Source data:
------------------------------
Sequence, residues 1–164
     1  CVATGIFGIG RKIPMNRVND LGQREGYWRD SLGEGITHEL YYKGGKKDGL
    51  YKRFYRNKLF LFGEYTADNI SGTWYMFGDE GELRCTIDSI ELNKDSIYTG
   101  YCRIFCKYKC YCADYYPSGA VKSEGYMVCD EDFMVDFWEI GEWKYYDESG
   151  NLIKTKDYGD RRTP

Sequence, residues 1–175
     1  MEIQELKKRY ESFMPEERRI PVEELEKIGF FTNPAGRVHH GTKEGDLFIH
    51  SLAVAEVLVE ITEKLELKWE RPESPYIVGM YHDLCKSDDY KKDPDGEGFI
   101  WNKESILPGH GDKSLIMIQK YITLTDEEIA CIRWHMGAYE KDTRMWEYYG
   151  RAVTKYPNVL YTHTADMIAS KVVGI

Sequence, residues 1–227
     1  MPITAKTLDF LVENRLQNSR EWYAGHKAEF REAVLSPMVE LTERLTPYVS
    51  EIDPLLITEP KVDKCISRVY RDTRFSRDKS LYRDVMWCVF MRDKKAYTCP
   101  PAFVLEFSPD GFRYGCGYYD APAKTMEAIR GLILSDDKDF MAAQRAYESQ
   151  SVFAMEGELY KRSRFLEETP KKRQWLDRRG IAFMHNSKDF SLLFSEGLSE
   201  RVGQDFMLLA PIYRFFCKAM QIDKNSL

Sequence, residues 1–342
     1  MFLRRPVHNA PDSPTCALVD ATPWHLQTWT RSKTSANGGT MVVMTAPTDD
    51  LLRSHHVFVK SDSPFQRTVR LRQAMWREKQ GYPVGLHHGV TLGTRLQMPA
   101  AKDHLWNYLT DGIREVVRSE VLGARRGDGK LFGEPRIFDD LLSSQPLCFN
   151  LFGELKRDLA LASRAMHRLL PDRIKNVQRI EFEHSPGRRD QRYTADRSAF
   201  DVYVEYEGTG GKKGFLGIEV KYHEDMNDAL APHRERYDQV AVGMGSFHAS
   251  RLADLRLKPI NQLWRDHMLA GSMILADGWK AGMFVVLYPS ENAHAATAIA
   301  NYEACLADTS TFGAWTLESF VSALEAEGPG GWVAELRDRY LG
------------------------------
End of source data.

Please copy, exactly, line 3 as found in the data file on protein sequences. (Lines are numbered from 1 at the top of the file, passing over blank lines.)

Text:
    51  YKRFYRNKLF LFGEYTADNI SGTWYMFGDE GELRCTIDSI ELNKDSIYTG